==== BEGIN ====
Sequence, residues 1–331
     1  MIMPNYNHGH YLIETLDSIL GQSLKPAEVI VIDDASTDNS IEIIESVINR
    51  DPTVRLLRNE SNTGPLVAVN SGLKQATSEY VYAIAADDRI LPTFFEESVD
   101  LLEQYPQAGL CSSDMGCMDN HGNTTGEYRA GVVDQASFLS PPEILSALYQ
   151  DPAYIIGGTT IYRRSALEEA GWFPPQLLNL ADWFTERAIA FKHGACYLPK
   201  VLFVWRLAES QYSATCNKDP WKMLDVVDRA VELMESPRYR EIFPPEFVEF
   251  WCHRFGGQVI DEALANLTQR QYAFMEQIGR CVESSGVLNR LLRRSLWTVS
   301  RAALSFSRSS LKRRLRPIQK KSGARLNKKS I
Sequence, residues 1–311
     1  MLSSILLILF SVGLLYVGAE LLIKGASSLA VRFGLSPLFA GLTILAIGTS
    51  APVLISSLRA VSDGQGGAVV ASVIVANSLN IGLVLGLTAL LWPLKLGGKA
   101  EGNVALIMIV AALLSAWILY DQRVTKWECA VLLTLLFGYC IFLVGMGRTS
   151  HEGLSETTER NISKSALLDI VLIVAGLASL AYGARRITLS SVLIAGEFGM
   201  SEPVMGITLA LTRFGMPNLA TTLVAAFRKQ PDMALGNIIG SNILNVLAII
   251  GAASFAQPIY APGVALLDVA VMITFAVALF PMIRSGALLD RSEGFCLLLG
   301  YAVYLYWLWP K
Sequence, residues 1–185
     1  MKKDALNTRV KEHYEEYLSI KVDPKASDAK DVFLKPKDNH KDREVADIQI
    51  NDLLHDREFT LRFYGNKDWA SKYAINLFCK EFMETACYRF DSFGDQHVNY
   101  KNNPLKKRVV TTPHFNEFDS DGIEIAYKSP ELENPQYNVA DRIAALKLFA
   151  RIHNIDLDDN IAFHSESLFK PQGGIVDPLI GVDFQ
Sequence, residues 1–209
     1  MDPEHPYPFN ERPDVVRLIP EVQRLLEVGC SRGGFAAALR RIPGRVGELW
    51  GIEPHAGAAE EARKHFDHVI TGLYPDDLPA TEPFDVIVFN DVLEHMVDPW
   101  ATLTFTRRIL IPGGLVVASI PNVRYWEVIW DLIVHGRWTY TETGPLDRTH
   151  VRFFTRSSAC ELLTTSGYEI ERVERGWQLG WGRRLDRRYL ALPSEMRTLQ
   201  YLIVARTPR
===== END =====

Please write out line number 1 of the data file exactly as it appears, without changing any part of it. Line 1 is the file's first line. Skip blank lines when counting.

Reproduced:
Sequence, residues 1–331